The abacus handling. The moral calculus.
The arithmetic serves the argument.
Jonathan Safran Foer writes about food politics.
Some argue that plant-based eating is elitist. They are either misinformed, or knowingly taking the favourite emergency exit of privileged, performatively thoughtful people who don’t want to change what they eat. It is true that a healthy traditional diet is more expensive than an unhealthy one – about $550 (£440) more expensive over the course of a year. And everyone should, as a right, have access to affordable healthy food. But a healthy vegetarian diet is, on average, about $750 (£600) less expensive per year than a healthy meat-based diet. In other words, it is about $200 (£160) cheaper per year to eat a healthy vegetarian diet than an unhealthy traditional diet. Not to mention the money saved by preventing diabetes, hypertension, heart disease and cancer – all associated with the consumption of animal products. Nine per cent of Americans making less than $30,000 per year identify as vegetarian, whereas only 4% of those making more than $75,000 are. People of colour are disproportionately vegetarian. It is not elitist to suggest that a cheaper, healthier, more environmentally sustainable diet is better. But what does strike me as elitist? When someone uses the existence of people without access to healthy food as an excuse not to change, rather than as a motivation to help those people.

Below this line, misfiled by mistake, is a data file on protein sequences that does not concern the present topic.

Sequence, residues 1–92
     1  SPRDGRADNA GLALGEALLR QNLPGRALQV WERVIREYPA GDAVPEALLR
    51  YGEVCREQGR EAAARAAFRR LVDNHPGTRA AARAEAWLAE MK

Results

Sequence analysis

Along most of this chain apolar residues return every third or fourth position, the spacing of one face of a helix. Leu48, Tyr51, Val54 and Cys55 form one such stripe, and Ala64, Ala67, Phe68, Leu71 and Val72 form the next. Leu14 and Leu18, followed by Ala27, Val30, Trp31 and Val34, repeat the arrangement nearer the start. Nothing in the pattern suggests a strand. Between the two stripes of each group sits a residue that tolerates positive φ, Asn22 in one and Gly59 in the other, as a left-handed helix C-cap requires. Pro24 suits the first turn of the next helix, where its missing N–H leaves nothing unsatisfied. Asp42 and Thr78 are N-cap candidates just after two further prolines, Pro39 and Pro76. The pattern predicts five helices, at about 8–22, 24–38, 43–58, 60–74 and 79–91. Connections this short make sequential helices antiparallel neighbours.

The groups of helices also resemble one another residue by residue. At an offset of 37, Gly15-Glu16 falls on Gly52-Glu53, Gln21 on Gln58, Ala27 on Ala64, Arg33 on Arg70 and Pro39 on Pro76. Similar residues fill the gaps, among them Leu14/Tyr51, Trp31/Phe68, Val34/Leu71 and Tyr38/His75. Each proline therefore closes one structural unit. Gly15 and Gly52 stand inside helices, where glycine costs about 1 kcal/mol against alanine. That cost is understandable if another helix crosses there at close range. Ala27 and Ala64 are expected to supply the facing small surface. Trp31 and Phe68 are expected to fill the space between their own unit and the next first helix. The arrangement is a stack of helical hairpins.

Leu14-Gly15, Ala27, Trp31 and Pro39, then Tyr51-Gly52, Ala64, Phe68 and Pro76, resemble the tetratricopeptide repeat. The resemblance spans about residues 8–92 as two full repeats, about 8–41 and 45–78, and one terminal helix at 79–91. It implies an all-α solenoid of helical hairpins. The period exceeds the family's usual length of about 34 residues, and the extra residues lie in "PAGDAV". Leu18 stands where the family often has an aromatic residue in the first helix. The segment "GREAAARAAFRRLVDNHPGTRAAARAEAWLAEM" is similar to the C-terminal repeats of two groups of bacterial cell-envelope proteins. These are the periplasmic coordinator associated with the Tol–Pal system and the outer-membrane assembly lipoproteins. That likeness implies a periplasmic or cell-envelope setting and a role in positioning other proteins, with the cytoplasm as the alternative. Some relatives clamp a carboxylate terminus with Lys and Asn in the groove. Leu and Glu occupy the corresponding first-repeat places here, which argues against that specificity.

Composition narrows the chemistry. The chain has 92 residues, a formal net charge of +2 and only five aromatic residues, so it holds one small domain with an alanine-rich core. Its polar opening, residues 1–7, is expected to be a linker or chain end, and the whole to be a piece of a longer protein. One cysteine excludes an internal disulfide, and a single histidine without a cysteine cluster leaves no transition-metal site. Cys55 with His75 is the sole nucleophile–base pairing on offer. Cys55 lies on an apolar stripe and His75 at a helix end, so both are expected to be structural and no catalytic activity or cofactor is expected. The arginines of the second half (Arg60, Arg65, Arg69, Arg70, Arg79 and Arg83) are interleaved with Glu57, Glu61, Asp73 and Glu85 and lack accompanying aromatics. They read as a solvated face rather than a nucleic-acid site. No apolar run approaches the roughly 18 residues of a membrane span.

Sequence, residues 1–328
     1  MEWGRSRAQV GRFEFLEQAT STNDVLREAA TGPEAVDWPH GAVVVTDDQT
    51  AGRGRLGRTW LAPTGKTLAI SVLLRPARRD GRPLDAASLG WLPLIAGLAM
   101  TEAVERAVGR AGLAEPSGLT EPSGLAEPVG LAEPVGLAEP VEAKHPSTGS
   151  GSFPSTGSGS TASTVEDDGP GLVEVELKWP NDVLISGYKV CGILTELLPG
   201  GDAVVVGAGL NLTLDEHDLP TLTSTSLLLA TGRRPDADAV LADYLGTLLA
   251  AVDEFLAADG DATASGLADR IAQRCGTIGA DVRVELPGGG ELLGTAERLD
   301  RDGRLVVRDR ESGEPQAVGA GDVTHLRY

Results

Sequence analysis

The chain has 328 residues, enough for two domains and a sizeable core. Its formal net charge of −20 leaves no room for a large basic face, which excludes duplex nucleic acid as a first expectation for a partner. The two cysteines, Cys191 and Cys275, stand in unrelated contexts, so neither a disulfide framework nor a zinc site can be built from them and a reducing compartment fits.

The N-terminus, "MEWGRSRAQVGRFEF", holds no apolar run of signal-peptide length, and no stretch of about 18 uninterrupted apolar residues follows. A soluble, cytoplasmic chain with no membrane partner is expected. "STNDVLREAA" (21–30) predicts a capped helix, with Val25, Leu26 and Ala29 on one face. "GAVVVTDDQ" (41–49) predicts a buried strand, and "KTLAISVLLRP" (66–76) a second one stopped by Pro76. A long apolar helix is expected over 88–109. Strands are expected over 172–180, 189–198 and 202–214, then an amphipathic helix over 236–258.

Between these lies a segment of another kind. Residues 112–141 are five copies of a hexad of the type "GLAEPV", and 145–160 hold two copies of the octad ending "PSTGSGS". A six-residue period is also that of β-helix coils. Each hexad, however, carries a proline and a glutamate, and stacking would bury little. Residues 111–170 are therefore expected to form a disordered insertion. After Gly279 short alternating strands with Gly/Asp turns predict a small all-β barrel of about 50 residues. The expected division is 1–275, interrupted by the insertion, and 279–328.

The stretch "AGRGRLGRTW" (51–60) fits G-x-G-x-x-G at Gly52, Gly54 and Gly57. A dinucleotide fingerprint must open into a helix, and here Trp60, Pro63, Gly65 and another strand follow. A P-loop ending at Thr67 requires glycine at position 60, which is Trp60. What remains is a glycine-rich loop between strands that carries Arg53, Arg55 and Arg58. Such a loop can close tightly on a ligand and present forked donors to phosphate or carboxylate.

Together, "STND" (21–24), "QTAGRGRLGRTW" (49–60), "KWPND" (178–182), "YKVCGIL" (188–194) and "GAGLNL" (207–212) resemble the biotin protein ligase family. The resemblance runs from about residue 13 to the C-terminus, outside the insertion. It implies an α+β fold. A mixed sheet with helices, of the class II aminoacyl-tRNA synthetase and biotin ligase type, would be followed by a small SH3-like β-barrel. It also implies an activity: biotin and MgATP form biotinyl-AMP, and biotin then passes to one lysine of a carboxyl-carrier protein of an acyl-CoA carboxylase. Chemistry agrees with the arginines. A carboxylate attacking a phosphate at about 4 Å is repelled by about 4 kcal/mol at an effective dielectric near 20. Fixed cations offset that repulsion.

You may forget the numbers. You will remember the stark options: healthy plant-based diet or unhealthy meat-based diet.
And so for day 2535